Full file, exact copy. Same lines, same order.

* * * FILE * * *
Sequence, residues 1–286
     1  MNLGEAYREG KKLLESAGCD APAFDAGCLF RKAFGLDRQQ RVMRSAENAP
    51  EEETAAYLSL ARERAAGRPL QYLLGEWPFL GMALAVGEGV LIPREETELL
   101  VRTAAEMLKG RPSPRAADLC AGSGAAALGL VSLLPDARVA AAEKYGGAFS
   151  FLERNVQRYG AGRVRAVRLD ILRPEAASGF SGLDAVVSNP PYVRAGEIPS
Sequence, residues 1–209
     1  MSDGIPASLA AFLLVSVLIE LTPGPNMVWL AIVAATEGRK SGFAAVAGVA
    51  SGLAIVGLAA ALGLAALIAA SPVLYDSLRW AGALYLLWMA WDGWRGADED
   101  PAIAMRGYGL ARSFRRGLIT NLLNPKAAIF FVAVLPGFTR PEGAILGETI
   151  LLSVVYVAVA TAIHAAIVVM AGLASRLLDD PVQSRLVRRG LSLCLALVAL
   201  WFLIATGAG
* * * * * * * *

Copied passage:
Sequence, residues 1–286
     1  MNLGEAYREG KKLLESAGCD APAFDAGCLF RKAFGLDRQQ RVMRSAENAP
    51  EEETAAYLSL ARERAAGRPL QYLLGEWPFL GMALAVGEGV LIPREETELL
   101  VRTAAEMLKG RPSPRAADLC AGSGAAALGL VSLLPDARVA AAEKYGGAFS
   151  FLERNVQRYG AGRVRAVRLD ILRPEAASGF SGLDAVVSNP PYVRAGEIPS
Sequence, residues 1–209
     1  MSDGIPASLA AFLLVSVLIE LTPGPNMVWL AIVAATEGRK SGFAAVAGVA
    51  SGLAIVGLAA ALGLAALIAA SPVLYDSLRW AGALYLLWMA WDGWRGADED
   101  PAIAMRGYGL ARSFRRGLIT NLLNPKAAIF FVAVLPGFTR PEGAILGETI
   151  LLSVVYVAVA TAIHAAIVVM AGLASRLLDD PVQSRLVRRG LSLCLALVAL
   201  WFLIATGAG